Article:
Saturday, 4 December 2010

The LibDems need to take the argument to the people, not abstain from it

LibDem talk of abstaining or voting against increased tuition fees is just wrong. If you believe in something, then you need to take it to the people and argue why it is right. And this proposal for university funding is right in so many ways.

Firstly it puts the funding of our universities on a stable and sustainable basis for their long-term future, something which successive governments - unwilling to make courageous decisions that require robust and intelligent arguments - have ducked over many years. This proposal allows us to build and sustain world class, research-based universities which are essential to the country's future.

Secondly, it is not about tripling the cost of higher education as so many naive freshers seem to think. The cost of university education is not changing. We are simply deciding how that education should be funded. Whether it should be from general taxation by all taxpayers irrespective of means, or increasingly by students, who are substantial and lifelong beneficiaries of a university education, not least in their earning abilities.

This proposal goes to the heart of a fair society. It is about students accepting greater responsibility for their good fortune by shouldering a higher proportion of the funding from their enhanced earnings. Starting above £21,000 per year. Well above the pay of dinner ladies who currently pay for the university education of our largely middle class children.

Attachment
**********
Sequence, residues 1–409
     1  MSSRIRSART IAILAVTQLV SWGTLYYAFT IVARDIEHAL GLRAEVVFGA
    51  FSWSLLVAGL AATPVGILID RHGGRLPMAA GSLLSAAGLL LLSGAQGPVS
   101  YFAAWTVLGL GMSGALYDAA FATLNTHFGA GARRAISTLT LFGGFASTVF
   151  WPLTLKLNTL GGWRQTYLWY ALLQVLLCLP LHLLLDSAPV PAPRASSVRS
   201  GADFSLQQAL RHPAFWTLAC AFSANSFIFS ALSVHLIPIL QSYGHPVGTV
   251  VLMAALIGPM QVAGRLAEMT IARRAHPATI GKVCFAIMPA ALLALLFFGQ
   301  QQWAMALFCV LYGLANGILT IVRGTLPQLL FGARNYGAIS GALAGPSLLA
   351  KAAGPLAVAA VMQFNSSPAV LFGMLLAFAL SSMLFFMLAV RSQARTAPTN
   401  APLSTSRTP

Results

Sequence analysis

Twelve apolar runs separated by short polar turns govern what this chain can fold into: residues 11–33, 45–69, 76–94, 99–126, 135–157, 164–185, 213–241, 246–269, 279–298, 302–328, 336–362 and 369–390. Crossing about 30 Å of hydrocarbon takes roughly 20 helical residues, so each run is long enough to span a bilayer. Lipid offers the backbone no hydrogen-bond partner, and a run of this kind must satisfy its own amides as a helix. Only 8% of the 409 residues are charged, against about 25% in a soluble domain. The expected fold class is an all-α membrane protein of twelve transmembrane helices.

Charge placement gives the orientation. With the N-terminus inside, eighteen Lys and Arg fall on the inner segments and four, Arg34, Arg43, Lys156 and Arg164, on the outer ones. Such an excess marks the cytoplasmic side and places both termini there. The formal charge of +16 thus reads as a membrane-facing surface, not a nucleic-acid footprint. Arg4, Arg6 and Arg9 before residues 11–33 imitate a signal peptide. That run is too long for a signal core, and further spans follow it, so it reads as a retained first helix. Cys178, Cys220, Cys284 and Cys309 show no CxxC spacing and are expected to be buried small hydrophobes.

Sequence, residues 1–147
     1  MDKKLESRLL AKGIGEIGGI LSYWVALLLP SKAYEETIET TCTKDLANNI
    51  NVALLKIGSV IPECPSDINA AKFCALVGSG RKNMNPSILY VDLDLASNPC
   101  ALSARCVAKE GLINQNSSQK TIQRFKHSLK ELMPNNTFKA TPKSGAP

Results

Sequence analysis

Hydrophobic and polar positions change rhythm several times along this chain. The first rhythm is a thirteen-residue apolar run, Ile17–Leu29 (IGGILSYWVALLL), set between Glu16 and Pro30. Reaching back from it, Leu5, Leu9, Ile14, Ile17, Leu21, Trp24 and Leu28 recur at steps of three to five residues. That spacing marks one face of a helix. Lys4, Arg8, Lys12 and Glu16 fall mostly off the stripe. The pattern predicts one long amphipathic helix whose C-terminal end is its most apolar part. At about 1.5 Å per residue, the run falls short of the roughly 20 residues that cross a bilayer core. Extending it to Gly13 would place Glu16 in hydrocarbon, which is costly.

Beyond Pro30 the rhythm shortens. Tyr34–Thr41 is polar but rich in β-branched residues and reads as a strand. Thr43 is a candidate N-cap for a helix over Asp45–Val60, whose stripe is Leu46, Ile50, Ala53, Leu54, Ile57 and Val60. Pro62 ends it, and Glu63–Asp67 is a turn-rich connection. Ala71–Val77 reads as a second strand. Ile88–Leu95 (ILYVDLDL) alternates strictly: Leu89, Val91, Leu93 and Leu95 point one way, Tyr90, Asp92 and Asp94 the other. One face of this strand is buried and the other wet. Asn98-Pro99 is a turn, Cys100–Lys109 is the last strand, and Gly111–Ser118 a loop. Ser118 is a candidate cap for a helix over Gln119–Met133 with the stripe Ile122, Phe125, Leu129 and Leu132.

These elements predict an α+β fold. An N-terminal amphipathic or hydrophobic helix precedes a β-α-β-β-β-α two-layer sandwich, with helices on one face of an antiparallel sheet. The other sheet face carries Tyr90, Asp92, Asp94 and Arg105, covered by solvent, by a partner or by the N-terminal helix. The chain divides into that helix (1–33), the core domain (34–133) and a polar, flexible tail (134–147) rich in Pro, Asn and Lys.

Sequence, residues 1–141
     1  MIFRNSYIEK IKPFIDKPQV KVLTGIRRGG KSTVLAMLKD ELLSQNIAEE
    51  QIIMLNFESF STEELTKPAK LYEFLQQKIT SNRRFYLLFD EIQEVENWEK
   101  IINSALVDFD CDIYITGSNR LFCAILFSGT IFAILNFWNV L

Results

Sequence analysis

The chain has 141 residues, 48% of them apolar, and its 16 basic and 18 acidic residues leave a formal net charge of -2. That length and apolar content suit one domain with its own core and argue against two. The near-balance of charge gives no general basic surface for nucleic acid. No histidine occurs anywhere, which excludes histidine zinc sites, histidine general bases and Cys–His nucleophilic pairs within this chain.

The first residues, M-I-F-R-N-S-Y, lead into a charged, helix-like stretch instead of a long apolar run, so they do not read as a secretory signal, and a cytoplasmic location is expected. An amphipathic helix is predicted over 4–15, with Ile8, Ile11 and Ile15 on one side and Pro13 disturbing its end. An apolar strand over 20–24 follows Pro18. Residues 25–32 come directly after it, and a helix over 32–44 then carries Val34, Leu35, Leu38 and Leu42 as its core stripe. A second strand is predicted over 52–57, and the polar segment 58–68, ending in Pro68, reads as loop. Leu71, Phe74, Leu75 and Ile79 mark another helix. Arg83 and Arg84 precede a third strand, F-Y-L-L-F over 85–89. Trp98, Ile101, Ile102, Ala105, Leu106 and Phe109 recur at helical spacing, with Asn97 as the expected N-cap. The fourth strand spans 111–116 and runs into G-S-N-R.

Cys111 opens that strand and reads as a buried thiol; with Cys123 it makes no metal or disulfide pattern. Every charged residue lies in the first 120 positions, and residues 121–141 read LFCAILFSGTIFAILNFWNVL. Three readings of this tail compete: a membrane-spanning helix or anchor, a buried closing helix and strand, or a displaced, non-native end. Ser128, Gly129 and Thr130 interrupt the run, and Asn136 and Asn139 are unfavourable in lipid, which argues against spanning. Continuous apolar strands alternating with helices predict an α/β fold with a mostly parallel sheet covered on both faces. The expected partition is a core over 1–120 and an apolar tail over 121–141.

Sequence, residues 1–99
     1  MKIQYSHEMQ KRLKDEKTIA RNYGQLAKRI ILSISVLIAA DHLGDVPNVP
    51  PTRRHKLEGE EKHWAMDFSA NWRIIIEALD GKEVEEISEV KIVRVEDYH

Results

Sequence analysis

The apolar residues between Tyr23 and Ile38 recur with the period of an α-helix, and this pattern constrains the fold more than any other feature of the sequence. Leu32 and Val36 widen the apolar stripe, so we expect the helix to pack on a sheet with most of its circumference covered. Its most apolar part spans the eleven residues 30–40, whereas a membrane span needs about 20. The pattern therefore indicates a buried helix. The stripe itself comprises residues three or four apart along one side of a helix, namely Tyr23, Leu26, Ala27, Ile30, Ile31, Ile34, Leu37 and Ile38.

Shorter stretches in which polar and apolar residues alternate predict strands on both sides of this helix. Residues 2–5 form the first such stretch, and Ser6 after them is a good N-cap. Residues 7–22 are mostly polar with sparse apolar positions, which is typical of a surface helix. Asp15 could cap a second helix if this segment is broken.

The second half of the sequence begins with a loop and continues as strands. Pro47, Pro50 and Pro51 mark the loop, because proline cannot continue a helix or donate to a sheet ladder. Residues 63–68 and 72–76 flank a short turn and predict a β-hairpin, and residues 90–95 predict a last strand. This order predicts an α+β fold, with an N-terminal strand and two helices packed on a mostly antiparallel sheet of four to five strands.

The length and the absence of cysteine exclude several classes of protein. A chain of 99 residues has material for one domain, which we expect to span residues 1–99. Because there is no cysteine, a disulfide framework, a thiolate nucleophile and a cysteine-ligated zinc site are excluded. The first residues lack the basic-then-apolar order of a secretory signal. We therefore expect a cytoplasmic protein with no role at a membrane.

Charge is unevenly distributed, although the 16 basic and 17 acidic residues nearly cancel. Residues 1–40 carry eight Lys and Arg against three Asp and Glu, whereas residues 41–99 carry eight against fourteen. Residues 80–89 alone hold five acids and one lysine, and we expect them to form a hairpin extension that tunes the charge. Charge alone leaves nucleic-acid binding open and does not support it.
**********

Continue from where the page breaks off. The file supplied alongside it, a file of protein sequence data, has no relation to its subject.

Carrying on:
Both students and the Labour opposition are on the wrong side of this argument. Not only are these proposals fairer - ensuring that those 'with the broadest shoulders' provide proportionately more funding - they are also progressive. Far more progressive than the current arrangements introduced by Labour. They enhance the participation of poorer students, cover part-time courses and ensure that as tuition fee's move towards their highest permitted levels, wider engagement is actively sought. 

Like so much else that is now being re-evaluated of Labour's thirteen years of expensive, centralised, statist orthodoxy, the most we can say is that they may have had the right intentions. But lazy, self-righteous hysteria against anything proposed by this Liberal-Conservative Coalition who represent 59% of the electorate, is worth fighting. Not abstaining from.